Let’s work together to find a solution
Rely on AVANA Capital to help preserve your wealth and create growth for your business.
Wind energy is one of the cleanest forms of electricity, producing little to no air or water pollution and using technology that’s essentially been around since the Middle Ages. With climate change awareness on the rise and a hunger for clean energy, building a wind farm sounds like an attractive proposition. There are several things to consider before starting a project, not least of which are the funding and permits needed to set it up. With careful planning though, you can learn how to start a wind farm, get on the ground floor of the Green Revolution and make a handsome profit at the same time.
Getting a wind farm off the ground can be an incredibly capital-intensive project. While small wind farms designed for homes or schools might only need a few acres and less than a hundred thousand dollars, commercial wind farms designed to put power onto the grid easily run a million dollars or more.
While turbines are obviously the largest cost in building up a wind farm, there’s also permitting, road building, and maintenance –– all of which benefit from economies of scale. Each turbine that’s put up does not incur the same ancillary costs, so it’s better to build larger if you have the funding and enough wind to justify it.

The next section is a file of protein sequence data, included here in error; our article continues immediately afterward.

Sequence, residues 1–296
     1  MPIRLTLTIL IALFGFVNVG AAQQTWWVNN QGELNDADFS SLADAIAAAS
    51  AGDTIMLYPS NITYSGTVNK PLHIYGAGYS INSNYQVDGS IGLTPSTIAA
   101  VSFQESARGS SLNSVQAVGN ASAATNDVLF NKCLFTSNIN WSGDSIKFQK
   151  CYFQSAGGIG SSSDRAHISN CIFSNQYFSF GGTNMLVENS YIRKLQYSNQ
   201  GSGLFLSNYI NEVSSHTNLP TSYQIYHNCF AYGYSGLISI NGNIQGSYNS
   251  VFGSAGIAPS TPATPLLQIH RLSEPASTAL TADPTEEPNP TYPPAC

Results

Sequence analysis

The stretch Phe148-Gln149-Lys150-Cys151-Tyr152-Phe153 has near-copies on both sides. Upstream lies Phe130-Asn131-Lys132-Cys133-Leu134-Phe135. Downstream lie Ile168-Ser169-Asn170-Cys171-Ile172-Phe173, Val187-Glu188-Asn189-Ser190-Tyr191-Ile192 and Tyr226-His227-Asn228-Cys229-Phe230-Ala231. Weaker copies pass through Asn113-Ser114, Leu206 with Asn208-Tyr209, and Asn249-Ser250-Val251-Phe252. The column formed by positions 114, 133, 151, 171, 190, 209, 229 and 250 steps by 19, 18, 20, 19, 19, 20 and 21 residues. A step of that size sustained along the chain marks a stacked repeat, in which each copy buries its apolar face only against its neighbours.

Unless you’ve already made some very successful investments, you’ll need funding for your wind farm. Most alternative energy projects are financed through project funding, where the projecting revenue from the project is to determine the level of capital that a lender will provide. Construction loans are another option to get the project started by securing land and purchasing materials. There are also several tax credits available from the federal government to help to offset some of the costs.
Land for wind farms is typically leased rather than owned, allowing farmers to continue growing crops on their land while generating extra income from the wind farm lease. It’s a win-win situation as both sides make money while minimizing risk.
The most important factor when choosing a parcel of land for your wind farm is the average wind speed in the area. You’ll need a steady 13 mph wind, but 15 mph or 18 mph would be more profitable. The federal government produces maps showing the average wind speed throughout the country. A quick look at it shows that only a few states from North Dakota to northern Texas have wind speeds high enough to make electricity generation sustainable.
The smallest wind farm you could build would have just one turbine. For that you’ll need about sixty acres, and the turbine will only take up a small portion of it. However, a sufficient buffer zone is needed between the turbine and adjacent properties.
Once you have two turbines, things get more complicated since you don’t want the wind passing through one turbine to affect any of the others. A good rule of thumb is that you need a space that is 5x to 10x the diameter of the turbine blades to surround each turbine. Even with just a few turbines, that requires a significant chunk of land very quickly.